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The Last Will
The Last Will, which bookends Brustein’s trilogy on Shakespeare, is a concoction of history and fantasies on the Bard. Before coming to New York, the play had its world premiere in Boston in February 2013, under the aegis of the Commonwealth Shakespeare Company and Suffolk University. The other two installments of the trilogy are The English Channel (2008) (an exploration of the “Dark Lady”) and Mortal Terror (2011) (an insider’s look at “The Gunpowder Plot”).
For dramatic effect time is compressed in Last Will, shrinking down the historical time-frame of 1612 to 1616 into the span of a few days. Set in Stratford-upon-Avon it opens on the eve of Shakespeare’s retirement and runs apace to his death at age 52.
The action is divided into a dozen tightly- knit sections, each sub-titled with a famous quote from a Shakespeare work. The narrative takes some razor-sharp corners and surreally shifts between the past and present tense. At pivotal points, characters are likely to segue into a famous soliloquy (Shakespeare’s wife Anne launches into “The quality of mercy is not strained . . .”) or Shakespeare will confuse his daughter Judith with Cordelia (Shakespeare’s real-life daughter Judith did become estranged from him).
But all eyes and ears are on Shakespeare here. Whether accusing his wife Anne of marital infidelity or his daughter of betrayal, he is suffering from one form of delusion or another.
Lighter moments break in when the Bard engages in conversations with the actor Richard Burbage and Francis Collins, his boyhood chum and the lawyer helping him to write his last will. Brustein artfully manages the non-linear progressions of the play, largely because he makes it reflect the deteriorating condition of Shakespeare’s mind and body.
Incidentally, Brustein isn’t the first modern writer to pen a bio-drama on Shakespeare in retirement at Warwickshire. The English playwright Edward Bond got there first with his play Bingo, which premiered in Devon, England back in November 1973. While everybody else was sentimentalizing the Man-from-Stratford, Bond chose to portray the retired playwright as a "corrupt seer." Brustein breathes a very different spirit into his Last Will. Without white-washing the Bard, he incorporates his plots, characters, and speeches into the historical backdrop of early 17th century in England.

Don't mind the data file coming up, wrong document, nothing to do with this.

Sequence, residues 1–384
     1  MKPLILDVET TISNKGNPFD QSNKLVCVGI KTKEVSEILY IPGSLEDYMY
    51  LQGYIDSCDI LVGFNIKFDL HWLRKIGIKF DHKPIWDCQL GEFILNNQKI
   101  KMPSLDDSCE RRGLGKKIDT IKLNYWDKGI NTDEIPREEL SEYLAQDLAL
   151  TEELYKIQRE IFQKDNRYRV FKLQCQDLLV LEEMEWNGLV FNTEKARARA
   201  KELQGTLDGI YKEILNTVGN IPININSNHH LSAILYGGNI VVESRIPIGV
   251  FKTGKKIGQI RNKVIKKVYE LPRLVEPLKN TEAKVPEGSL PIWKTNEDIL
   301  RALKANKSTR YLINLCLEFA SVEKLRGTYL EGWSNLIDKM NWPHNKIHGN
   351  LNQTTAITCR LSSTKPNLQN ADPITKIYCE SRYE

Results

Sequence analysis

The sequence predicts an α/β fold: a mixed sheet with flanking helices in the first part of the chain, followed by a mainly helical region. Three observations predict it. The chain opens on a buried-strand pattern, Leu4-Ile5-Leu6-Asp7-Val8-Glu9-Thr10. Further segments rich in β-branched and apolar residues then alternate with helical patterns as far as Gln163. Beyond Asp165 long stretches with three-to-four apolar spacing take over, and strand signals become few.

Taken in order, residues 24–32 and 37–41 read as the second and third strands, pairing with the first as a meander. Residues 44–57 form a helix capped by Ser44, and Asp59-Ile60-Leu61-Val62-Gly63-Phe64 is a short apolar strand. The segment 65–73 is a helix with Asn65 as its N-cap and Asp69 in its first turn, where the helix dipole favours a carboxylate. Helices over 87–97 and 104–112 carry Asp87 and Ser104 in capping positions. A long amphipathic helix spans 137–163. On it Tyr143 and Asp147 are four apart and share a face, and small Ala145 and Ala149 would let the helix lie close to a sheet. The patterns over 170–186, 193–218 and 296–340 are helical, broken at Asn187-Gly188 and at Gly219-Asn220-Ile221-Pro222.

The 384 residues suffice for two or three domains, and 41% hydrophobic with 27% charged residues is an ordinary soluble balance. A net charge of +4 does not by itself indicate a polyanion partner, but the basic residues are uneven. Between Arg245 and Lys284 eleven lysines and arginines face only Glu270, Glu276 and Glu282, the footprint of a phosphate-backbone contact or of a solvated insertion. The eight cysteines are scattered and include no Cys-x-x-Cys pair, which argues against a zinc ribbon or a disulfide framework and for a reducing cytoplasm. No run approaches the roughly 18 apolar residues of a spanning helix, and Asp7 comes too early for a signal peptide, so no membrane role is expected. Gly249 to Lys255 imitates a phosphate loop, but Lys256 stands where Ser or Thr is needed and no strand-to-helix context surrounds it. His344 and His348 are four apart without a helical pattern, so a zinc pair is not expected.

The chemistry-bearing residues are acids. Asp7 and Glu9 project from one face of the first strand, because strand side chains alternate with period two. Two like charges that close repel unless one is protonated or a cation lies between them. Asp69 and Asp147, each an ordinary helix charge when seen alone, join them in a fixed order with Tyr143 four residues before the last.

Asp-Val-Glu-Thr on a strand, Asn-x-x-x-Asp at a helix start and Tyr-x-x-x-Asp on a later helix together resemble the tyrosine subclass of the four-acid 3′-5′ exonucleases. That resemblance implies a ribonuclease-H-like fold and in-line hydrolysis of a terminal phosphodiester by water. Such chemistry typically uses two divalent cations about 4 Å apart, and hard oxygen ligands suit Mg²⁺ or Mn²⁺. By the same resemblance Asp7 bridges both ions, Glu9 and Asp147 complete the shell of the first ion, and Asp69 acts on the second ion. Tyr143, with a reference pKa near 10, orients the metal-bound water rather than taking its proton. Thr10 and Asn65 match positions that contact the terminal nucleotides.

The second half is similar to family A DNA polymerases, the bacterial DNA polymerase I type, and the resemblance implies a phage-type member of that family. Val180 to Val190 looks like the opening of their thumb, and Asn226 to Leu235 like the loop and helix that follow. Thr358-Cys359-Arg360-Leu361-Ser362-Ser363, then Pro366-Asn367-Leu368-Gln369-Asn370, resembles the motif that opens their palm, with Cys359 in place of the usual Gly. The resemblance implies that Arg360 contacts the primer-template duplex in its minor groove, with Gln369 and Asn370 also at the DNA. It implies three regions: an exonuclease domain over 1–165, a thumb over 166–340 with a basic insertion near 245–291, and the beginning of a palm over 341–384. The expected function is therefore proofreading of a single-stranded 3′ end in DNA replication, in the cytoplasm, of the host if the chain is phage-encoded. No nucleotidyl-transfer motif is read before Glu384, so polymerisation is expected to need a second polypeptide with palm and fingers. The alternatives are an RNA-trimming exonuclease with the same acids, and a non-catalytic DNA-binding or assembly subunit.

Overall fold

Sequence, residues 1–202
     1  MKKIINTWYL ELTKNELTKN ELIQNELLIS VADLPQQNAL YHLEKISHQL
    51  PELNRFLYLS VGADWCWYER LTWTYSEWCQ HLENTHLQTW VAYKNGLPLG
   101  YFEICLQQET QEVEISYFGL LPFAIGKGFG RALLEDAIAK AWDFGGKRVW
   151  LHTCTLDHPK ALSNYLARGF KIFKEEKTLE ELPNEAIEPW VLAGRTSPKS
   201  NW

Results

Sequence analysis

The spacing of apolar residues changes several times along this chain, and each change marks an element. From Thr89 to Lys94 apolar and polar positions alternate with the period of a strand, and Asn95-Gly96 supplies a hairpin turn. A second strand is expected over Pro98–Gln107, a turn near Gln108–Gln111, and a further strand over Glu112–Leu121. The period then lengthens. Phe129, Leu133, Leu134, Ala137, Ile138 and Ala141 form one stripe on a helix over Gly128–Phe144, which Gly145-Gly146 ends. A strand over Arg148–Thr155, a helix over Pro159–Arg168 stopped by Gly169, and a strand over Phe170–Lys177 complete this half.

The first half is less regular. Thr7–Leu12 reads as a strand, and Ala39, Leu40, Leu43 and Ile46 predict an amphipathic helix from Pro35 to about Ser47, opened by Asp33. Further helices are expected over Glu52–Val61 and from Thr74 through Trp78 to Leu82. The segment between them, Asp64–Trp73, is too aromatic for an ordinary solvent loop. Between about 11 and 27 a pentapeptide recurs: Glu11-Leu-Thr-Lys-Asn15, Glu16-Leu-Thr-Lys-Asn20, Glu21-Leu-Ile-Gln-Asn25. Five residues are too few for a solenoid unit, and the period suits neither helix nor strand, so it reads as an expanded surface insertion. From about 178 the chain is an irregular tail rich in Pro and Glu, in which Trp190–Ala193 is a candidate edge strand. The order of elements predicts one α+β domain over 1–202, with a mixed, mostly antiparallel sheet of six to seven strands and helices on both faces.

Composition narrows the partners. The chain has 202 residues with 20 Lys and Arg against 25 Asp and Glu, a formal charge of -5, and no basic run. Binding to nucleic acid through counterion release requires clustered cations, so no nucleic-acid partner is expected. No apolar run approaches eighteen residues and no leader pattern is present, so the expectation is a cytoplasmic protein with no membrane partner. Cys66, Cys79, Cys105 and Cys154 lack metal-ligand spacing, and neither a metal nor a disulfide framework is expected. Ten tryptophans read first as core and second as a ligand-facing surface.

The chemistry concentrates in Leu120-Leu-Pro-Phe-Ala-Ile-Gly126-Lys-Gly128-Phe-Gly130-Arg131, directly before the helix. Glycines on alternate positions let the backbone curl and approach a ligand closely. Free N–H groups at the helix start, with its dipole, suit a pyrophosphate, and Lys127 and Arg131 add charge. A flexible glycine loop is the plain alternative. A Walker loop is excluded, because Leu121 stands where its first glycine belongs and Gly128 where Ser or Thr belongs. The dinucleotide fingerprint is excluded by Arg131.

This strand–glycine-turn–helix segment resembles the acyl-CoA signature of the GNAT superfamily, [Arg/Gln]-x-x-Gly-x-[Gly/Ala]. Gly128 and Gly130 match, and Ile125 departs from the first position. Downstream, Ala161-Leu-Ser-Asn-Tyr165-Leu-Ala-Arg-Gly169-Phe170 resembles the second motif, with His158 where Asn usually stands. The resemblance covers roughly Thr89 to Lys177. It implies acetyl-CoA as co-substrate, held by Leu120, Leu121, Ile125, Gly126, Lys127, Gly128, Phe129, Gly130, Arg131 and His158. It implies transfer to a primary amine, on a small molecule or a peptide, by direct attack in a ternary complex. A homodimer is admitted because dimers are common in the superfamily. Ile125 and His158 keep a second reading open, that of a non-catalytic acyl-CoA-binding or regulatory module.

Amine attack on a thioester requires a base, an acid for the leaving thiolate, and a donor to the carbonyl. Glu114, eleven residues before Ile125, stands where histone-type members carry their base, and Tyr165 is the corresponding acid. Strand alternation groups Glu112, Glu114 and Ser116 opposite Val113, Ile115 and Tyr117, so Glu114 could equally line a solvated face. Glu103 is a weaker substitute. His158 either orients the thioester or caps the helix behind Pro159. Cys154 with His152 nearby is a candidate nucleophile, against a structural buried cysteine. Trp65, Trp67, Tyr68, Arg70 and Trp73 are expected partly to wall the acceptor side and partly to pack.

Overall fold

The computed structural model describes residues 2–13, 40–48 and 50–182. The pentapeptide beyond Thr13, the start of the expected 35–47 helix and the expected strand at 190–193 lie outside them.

The piece sometimes sounds too clever, the characters too eloquent, and the Bard too Lear-like. However, in spite of its forced theatrical moments, the play’s merits outweigh its theatrical flaws.
The ambidextrously-talented Pendleton does double-duty as director and actor here. His directing is even-handed throughout, and his depiction of the dying Shakespeare has all the necessary crotchets.
While Pendleton is the ace of the evening, the rest of the cast (Stephanie Roth Haberle, Jeremiah Kissel, Christianna Nelson, David Wohl, Merritt Janson) certainly don’t fade into the shadows. All bring conviction to the characters each of whom eventually comes to terms with the grey-haired Bard.
Though it’s tough to single out any one scene for special praise, you won’t likely forget the one early on when Burbage breaks the news of the disastrous fire at the Globe Theatre on June 29, 1613. To rub salt in the wound, Burbage tells Shakespeare that he predicted the event through Prospero’s persona: “The great Globe itself, and all which it inherit, shall dissolve, yea like this insubstantial pageant faded, leave not a rack behind.”
Much of Stephen Dobay’s period set design looked right, but its crimped yellow paper, symmetrically placed near the back wal, seemed more distracting than anything. More effective are Travis McHale’s lighting design, and Laura Crow’s period costumes.
Brustein, who presently is the scholar-in-residence at Suffolk University, has worn the hat of artistic director, theater director, critic, teacher, playwright at prestigious venues like Yale and Harvard. Who better than this modern man of the theater to pen the life of another man of the theater? Emerson once said: “Shakespeare is the only biographer of Shakespeare.” Indeed, that maxim rings true. Nobody can altogether capture the myriad-minded Shakespeare whose real legacy is in his immortal works.
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